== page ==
An all-hands is your company’s most expensive meeting by a wide margin, so it’s critical to make it count. Unfortunately, many companies have a lot of room for improvement when it comes to optimizing their most significant opportunity to rally their team and build a fantastic work culture. So what creates a less-than-stellar all-hands experience?
When you really take a second to look closely at the faces in the digital room and you see eyes glazing over or people shutting off the video as the CEO talks about organizational metrics with no big picture context that every employee can relate to. When there’s no open dialogue, employees feel like they’re being talked at instead of engaged with. Or, have you ever attended a meeting that feels like it has no agenda? When there’s no clear story arc with action items for your team, people walk away feeling like they wasted their time. That’s the absolute last thing you want to happen after an all-hands.
The good news is you can avoid falling victim to these all-hands atrocities. Use these ten tips to build fun and energizing all-hands meetings that your team will look forward to attending.
Tip 1 – Share the mic.
Diversify your presenters to keep your meetings interesting. Sure, give each C-suite executive their time at the podium. But then, highlight a new department or initiative lead at each meeting. Also, consider giving your lower level managers some time on the mic. This can be a great way to elevate and help prepare mid-level leaders for a future in a higher position.
Tip 2 – Templatize a dynamic meeting deck.
Re-inventing the all-hands deck every time you have a meeting is a waste of precious time. Have your design team create a solid template that includes a variety of slide styles and infuses the brand and cultural elements. Then, a week or two before your meeting, task key stakeholders with updating their portion of the deck. Be sure to incorporate components of the meeting that occur each month in the template. Doing so helps establish a routine meeting agenda and makes it easier for leaders to analyze data and show progress over time.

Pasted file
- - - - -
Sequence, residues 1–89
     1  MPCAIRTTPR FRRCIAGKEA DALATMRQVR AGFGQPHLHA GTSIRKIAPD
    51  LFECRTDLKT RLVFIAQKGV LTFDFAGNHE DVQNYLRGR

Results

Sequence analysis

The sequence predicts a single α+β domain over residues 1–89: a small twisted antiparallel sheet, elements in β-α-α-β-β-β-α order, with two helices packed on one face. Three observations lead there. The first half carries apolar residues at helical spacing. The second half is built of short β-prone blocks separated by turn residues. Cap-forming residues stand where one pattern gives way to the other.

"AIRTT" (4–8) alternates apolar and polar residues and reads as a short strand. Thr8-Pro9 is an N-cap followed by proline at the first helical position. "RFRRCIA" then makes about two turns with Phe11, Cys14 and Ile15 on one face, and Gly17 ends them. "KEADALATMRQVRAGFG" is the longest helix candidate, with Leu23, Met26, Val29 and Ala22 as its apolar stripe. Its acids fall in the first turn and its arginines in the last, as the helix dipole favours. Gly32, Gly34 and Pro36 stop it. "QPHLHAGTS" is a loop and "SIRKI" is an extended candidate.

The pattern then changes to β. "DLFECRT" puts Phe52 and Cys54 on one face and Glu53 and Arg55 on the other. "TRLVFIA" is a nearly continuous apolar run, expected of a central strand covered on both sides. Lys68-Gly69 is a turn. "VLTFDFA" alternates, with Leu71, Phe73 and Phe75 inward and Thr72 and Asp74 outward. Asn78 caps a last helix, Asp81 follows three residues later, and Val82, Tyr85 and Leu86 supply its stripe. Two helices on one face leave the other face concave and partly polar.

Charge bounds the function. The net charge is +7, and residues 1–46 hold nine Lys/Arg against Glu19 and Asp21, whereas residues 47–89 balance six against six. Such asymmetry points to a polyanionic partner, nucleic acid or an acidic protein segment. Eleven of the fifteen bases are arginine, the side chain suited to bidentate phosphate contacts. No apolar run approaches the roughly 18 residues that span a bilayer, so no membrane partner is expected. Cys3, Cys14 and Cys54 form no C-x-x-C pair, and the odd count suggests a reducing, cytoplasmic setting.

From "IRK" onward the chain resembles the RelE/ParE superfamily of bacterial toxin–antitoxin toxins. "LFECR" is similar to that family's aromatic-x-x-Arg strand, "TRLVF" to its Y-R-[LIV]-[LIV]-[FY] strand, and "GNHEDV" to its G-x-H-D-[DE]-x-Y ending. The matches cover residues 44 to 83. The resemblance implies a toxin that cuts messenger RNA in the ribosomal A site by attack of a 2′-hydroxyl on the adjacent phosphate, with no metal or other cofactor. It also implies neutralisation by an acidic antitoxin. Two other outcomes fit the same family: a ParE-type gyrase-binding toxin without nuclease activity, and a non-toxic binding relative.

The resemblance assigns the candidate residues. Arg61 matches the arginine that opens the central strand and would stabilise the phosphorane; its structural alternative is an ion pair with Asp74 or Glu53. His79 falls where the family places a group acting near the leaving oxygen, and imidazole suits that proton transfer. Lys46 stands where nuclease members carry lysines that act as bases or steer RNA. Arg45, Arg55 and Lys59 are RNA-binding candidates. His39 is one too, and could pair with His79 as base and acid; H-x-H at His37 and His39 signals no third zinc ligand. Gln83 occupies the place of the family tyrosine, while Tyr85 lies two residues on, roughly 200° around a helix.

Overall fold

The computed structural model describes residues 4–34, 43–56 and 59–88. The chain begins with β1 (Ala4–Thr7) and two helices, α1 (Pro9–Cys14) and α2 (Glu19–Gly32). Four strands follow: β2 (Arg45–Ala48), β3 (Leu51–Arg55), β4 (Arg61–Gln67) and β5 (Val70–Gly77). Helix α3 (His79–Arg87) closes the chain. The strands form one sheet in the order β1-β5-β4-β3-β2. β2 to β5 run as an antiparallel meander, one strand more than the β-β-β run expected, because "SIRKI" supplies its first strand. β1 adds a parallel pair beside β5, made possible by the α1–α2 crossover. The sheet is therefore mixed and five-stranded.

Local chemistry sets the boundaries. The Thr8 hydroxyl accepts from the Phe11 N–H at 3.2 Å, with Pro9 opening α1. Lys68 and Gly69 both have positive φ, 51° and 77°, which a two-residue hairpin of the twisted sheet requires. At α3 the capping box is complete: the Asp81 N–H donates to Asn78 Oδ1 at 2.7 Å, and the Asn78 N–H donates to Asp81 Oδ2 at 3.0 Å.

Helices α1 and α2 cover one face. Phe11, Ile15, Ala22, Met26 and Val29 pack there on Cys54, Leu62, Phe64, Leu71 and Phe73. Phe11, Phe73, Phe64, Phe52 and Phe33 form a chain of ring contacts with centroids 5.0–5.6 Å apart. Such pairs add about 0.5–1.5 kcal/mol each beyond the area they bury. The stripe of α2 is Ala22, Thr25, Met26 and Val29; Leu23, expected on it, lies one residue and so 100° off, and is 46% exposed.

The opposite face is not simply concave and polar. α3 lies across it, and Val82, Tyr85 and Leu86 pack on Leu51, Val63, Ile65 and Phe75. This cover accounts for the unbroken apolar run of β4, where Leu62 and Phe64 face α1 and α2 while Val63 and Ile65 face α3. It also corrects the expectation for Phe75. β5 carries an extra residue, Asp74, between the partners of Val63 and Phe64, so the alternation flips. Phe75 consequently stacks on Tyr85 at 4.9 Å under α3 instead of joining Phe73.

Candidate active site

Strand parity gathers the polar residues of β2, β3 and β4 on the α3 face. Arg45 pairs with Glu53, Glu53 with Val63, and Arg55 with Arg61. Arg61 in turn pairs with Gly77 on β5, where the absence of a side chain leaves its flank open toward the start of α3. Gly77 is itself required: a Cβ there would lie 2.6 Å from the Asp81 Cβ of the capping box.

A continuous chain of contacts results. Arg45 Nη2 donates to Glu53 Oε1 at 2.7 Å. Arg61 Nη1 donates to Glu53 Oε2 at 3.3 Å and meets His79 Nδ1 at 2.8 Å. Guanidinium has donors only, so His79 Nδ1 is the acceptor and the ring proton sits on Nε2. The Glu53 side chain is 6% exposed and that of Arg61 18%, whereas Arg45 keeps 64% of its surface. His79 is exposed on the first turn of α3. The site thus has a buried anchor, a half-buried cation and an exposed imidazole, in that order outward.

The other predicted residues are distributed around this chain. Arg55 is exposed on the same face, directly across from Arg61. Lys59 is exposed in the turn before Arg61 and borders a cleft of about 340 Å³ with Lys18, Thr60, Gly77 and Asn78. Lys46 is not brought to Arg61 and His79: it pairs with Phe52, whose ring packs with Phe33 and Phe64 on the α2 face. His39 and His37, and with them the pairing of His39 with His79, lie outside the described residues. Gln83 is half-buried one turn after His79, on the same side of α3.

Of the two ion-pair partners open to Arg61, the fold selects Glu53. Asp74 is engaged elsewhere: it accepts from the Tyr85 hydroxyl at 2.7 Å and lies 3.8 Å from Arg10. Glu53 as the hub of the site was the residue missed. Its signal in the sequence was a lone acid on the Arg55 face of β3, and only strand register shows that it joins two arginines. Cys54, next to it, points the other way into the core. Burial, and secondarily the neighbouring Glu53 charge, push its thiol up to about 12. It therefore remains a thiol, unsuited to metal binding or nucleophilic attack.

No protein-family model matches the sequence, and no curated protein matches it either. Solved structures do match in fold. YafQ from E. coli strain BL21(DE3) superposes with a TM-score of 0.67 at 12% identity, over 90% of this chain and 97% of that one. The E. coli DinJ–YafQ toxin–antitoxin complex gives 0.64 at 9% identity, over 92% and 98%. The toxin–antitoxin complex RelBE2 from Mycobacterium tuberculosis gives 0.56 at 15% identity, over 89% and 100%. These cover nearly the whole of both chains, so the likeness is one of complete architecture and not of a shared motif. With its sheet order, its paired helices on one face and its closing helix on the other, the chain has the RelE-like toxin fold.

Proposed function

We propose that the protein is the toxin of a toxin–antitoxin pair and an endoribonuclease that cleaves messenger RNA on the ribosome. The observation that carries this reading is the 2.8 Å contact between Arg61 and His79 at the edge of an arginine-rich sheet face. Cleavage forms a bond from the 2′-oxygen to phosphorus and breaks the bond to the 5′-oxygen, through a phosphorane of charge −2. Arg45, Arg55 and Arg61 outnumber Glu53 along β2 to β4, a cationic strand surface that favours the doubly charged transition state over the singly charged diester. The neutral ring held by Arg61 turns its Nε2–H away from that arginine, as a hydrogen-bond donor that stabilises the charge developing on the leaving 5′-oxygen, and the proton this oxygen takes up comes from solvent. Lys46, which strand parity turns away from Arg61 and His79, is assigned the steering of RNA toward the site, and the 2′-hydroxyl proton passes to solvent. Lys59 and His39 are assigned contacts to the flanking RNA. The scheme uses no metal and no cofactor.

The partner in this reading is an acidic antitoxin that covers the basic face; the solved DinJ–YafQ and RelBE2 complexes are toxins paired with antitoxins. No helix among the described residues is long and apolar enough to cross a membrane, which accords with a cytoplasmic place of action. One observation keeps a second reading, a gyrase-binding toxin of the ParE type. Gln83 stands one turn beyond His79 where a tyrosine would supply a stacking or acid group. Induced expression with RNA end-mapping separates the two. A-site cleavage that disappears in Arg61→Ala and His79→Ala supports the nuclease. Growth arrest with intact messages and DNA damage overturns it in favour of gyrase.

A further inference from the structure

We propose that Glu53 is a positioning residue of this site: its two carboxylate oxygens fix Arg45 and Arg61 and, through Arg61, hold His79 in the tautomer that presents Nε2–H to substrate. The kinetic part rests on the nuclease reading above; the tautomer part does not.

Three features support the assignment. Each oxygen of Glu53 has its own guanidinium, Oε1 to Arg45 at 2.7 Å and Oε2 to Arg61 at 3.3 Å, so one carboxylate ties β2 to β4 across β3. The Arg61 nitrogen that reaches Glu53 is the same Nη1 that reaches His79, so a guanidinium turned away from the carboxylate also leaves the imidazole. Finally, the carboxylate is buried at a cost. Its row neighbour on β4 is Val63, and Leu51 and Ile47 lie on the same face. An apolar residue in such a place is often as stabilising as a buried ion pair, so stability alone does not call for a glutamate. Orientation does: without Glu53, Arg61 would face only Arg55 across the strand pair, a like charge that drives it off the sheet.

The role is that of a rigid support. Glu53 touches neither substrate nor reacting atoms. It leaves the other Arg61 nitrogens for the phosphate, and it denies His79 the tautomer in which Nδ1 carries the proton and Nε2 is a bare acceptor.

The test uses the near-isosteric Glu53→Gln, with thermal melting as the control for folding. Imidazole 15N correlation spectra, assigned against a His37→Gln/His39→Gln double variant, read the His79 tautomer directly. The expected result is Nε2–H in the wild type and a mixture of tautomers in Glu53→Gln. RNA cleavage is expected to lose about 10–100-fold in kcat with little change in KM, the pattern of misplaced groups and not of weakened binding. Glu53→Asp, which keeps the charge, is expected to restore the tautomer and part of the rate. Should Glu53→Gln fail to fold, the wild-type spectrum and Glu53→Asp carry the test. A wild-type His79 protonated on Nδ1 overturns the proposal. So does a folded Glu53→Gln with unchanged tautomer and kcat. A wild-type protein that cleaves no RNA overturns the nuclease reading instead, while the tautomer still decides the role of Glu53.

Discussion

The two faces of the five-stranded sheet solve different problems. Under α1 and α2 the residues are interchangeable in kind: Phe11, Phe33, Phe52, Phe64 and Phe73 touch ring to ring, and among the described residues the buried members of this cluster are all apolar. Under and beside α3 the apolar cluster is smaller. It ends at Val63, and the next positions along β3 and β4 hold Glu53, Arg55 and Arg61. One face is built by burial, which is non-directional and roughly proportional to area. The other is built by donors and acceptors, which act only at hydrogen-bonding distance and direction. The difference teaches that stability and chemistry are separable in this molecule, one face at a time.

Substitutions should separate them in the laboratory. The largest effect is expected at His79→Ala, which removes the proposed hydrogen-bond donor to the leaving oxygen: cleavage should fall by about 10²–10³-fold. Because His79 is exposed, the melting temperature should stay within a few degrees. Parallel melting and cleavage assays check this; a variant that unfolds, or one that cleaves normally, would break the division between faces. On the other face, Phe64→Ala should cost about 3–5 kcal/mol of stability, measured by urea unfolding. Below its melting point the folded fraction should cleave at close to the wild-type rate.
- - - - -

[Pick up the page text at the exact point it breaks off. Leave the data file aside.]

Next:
Tip 3 – Communicate at the right level.
Department leads often make the mistake of getting too deep into the weeds when they’re providing a high-level update. When this happens, attendees across the organization get lost. Presenters who need to deep dive into a complex topic should always provide basic context first. That way, employees who don’t speak fluent marketing or engineering understand what the heck the presenter is talking about and how it relates to them. Make sure nothing gets lost in translation. A good frame of reference for anyone presenting is to think back to their first day on the job and address the audience the same way they were addressed at that career stage.
Tip 4 – Prioritize engagement.
An optimal all-hands serves as a representation of the entire company. To make sure yours is hitting the mark, it’s essential to try and build an event that provides value for everyone. Start by surveying your team to find out what standing day and time works best for the most people on your team so you can get as many live attendees in the digital or physical room as possible.
Then, crowd-source your agenda and gather questions ahead of time. If you have remote, hybrid, or international teams, prioritize structuring your all-hands meetings in a “digital room” that allows all team members to participate, including asynchronously. Some employees may need to watch the event after it happens – but they should still have an opportunity to engage and ask clarifying questions in the digital room, before, during or after the live event.
Tip 5 – Give a voice to all employees.
Don’t fall into the trap where one person in the company always asks questions. Instead, make your all-hands all-inclusive by ensuring that all employees – including the introverts, new hires, and front-row-hand-raisers – have an opportunity to influence what’s addressed during the meeting. This will help you create a transparent culture where employees at all levels feel heard and involved, regardless of whether they’re international, remote, hybrid, or in-office
Utilize tools that allow you to accept questions anonymously to make sure all your employees feel comfortable speaking up. Then, make an effort to address as many of the most important questions as you can during the meeting. Ideally, you should make the most of the live meeting time and build a minimum of 15 minutes that’s exclusively dedicated to Q&A. Having an ongoing digital room helps provide a place to continually engage and build trust and transparency even after the live meeting.